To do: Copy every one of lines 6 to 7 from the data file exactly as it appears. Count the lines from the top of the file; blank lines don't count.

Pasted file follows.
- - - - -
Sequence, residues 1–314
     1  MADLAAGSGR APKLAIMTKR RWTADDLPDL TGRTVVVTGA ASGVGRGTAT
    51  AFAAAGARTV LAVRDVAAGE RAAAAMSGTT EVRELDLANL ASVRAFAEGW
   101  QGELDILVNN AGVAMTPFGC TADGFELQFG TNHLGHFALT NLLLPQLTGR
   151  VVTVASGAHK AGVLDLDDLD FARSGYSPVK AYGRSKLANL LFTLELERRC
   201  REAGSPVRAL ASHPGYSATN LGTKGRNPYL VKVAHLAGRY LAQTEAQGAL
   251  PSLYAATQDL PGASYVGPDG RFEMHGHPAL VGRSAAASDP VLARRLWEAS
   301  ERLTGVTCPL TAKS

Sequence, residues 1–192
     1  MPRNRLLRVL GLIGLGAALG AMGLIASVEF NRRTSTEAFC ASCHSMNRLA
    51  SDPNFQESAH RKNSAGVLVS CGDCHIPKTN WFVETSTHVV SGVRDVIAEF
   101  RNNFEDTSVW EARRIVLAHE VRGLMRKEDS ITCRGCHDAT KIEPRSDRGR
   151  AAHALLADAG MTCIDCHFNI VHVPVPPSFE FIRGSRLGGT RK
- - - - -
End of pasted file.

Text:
   201  REAGSPVRAL ASHPGYSATN LGTKGRNPYL VKVAHLAGRY LAQTEAQGAL
   251  PSLYAATQDL PGASYVGPDG RFEMHGHPAL VGRSAAASDP VLARRLWEAS